After two years of consistent growth, U.S. home prices have begun to level out. National home prices actually fell by less than 1% between the first quarter and the second quarter of 2014 after more than two years of steady increases, according to the latest quarterly index report from Fitch Ratings.

“The cooling of the US housing market comes as no surprise after several years of unsustainable growth rates,” said Fitch Director Sean Nelson. “It’s also worth noting that nearly all major cities are experiencing the same home price flattening at the same time. “

Fitch reports that most of the nation’s metro areas that experienced large home price increases since 2011 saw home price growth “slow, stall or reverse” in the first six months of 2014.

“While the magnitude of the decline is benign, the relatively flat prices are in stark contrast to recent price gains,” Fitch said in the report. Between 4Q11 and 1Q14, home prices increased roughly 20% nationally, Fitch said.

“While home price growth has slowed or stopped in most regions, several markets, many of which are in California and Texas, are still overvalued,” Nelson said.

“Despite recent positive figures, Fitch believes home prices in certain regions remain above sustainable levels and are at risk for potential declines,” Fitch said in the report. “According to Fitch’s analysis, the recent rate of price increases is not entirely supported by the underlying economic fundamentals in some areas.”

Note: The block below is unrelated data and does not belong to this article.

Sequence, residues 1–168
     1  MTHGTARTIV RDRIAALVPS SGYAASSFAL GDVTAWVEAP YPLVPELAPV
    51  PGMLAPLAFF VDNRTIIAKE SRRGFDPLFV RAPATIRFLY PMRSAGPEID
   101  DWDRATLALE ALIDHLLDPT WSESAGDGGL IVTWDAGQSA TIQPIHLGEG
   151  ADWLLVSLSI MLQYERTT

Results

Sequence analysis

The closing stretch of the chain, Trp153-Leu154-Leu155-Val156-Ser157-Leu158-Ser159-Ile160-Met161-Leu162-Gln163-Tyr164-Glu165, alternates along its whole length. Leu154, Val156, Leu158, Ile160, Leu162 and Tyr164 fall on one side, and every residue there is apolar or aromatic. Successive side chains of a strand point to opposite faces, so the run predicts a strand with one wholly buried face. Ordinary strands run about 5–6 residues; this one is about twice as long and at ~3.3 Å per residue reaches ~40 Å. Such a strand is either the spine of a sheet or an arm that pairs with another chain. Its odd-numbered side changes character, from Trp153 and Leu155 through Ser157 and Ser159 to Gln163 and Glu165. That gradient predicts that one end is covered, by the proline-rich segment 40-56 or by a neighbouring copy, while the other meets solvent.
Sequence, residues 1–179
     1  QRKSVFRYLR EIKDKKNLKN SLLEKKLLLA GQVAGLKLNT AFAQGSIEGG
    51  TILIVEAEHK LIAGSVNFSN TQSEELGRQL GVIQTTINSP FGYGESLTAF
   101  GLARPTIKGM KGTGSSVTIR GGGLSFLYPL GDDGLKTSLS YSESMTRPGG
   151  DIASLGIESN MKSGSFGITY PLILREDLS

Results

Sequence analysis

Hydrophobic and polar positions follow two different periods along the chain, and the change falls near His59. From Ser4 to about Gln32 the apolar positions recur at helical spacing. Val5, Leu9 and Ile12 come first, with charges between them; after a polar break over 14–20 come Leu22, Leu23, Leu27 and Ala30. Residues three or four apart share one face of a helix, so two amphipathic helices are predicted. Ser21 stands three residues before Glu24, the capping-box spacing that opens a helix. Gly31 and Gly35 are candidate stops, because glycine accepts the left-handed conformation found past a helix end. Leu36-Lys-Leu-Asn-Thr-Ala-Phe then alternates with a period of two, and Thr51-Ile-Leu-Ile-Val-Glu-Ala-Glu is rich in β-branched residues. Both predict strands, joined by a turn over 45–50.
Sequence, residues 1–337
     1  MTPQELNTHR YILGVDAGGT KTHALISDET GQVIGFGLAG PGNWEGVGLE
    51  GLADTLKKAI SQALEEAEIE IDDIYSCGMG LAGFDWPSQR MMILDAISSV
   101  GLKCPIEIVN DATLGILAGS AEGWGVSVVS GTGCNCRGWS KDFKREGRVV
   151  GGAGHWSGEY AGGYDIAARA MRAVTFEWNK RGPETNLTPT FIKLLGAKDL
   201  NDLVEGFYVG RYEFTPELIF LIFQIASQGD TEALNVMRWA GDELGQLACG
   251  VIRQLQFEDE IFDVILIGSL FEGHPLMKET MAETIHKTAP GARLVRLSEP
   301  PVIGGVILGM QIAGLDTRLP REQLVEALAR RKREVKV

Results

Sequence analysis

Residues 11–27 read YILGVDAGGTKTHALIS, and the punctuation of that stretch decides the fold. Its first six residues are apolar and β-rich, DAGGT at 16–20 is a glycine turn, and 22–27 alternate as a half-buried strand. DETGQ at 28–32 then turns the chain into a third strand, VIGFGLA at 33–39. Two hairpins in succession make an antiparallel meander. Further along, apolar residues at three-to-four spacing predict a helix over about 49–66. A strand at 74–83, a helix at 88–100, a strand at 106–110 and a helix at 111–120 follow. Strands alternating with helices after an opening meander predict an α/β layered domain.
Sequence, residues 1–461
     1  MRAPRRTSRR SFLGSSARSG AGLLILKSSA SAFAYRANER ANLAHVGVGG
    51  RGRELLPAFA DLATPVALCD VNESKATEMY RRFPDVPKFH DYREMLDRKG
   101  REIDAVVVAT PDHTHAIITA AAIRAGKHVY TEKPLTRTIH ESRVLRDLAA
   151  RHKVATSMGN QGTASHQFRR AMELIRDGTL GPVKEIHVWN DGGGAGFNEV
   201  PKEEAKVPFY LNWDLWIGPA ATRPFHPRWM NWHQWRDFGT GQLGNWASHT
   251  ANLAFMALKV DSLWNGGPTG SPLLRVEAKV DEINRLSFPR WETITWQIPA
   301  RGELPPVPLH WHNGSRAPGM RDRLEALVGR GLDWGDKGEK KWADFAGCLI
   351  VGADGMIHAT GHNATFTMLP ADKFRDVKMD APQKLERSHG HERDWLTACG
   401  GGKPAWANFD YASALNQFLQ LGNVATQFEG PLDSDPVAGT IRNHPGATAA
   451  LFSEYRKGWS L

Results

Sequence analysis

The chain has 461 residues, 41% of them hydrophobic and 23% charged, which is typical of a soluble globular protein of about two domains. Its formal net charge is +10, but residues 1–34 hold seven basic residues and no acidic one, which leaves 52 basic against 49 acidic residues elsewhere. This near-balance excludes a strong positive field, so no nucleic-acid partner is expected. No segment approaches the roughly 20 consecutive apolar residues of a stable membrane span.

Fitch’s data on the slowing pace of home price growth reinforces a CoreLogic report from earlier in October, which showed that home prices, including distressed sales, climbed 6.4% in August 2014 compared to a year prior. That figure is slightly down from July’s 7.4% year-over-year increase and 1.2% month-over-month increase.

"The pace of year-over-year appreciation continues to slow down as real estate markets find more balance. Home price appreciation reached a peak of almost 12 percent year-over-year in October 2013 and has since subsided to the current pace of 6 percent," said Mark Fleming, chief economist at CoreLogic.

"Continued moderation of home price appreciation is a welcomed sign of more balanced real estate markets and less pressure on affordability for potential home buyers in the near future," he added. 

Fitch’s data on overvalued markets in California and Texas also echoes another report from CoreLogic, published Monday, which showed that there are currently four overvalued markets of the top 50 in CoreLogic’s list of Market Condition Indicators.

At the top of that list are two metro areas in Texas, Austin and Houston, where an oil and gas boom has fueled job growth and population growth, pushing home prices well above their sustainable levels.

Home prices in these two markets are also well above their historical peak levels: 22.8% for Austin and 16.2% for Houston.

The other two overvalued metros are Miami, Fla. and Washington, D.C. As home prices rose significantly since 2013, homes have become less affordable in these two markets, and, therefore, home prices less sustainable.